In addition to the tasks undertaken as part of the job placement portion of the course, students will also meet in seminars and complete coursework aimed at providing the necessary intellectual tools to contextualize the significance of specific development interventions and practices. Class will meet every two weeks during Fall and Winter. During the Fall students will prepare for their placement. The actual work placement (one day per week, not on the same day as class) will happen during the Winter semester.
Prerequisite: SOSC 1430 and SOSC 2800, B+ average in MAJOR, or permission of the instructor.
Offered Fall 2015, W 2:30-5:30
Area: Culture; Politics, Governance and Policy; Political Economy
Course director: M. Gonzalez
This course examines the significance of discourses on indigeneity for the theory and practice of international development. The course sets out the multiple, purposive, and often contradictory articulations of indigenousness as a site of agency and contention in the 26 interactions between indigenous communities and international development agents, such as NGOs, international organizations, states, and funding agencies.
The course reviews contending conceptual understandings of indigenousness and ethnic identity (including primordialism, instrumentalism, Marxism, feminism, decolonizing scholarship, and post-colonial / post-structuralist approaches) in relation to forms of resistance, representation, engagement and countenance of alternative forms of development. Collaborative research methodologies, in particular their potential to construct bridges and intercultural dialogues between agents in knowledge production interacting in international development, will also be explored. The course builds on these theoretical foundations and conceptual landscapes and then moves on to a systematic analysis of experiences and case studies emerging from the Global South.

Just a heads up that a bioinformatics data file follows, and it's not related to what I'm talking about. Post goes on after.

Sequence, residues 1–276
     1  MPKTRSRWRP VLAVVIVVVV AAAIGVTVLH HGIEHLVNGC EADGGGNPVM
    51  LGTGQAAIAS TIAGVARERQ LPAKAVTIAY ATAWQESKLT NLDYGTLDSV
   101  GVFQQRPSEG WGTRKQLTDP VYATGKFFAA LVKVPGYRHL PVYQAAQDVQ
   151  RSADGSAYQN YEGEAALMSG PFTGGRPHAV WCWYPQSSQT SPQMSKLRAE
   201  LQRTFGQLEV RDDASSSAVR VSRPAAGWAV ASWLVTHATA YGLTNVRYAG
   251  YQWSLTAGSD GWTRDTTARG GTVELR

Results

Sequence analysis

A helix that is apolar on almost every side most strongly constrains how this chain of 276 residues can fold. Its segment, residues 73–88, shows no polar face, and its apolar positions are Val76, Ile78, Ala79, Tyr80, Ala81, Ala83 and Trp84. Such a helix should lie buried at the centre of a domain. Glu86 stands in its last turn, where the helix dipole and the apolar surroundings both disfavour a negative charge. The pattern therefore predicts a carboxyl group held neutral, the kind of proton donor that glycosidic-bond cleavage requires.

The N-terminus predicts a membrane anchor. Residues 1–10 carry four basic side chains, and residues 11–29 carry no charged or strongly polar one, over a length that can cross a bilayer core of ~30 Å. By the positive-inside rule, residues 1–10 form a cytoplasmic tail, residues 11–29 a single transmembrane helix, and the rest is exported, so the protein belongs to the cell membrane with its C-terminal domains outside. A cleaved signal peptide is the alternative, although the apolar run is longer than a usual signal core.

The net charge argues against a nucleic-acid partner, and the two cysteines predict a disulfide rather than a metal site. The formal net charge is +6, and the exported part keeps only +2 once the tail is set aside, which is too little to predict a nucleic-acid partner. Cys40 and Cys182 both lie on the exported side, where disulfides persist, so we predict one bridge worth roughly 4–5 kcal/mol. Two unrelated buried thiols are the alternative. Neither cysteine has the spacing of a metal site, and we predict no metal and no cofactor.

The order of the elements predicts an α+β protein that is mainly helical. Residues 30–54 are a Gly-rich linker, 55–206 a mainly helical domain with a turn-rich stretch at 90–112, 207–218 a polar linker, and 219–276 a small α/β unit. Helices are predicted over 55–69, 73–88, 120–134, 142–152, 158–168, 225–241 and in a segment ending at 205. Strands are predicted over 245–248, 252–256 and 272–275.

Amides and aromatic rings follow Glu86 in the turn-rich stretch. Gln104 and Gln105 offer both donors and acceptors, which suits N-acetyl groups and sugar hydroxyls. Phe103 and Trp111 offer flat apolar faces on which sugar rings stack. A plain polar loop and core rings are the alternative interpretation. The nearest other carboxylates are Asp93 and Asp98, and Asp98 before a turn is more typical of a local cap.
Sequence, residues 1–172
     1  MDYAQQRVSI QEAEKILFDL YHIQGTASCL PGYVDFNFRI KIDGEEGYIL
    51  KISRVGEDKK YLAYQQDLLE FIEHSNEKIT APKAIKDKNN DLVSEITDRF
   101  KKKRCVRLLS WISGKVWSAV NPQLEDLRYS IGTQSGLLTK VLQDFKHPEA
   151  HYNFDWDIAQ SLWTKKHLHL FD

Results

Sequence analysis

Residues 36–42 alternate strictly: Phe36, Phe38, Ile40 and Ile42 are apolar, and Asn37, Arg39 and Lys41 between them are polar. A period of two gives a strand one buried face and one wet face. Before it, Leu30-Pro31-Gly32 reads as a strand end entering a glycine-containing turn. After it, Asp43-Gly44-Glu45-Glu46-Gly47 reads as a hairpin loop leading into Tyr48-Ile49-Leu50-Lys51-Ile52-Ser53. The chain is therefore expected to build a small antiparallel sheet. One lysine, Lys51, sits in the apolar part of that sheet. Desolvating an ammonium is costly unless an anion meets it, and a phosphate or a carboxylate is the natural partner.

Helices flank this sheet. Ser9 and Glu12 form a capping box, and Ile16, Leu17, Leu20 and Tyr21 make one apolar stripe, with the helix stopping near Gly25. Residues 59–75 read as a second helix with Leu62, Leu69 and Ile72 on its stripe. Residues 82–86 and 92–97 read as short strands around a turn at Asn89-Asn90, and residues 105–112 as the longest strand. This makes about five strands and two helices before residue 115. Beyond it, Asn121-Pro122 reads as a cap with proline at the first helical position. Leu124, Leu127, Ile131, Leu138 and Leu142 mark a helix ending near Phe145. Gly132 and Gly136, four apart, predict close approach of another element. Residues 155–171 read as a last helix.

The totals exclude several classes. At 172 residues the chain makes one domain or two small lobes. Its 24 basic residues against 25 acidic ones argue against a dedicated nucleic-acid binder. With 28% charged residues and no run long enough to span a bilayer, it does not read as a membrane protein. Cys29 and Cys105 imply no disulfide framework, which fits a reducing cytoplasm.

Key concepts and processes to be examined in this course include: indigenousness, power, knowledge, identity, representation, gender, race, ethnicity, community, territory, citizenship, class, indigenous agency and mobilization, international law on the rights of indigenous peoples, neocolonialism and development.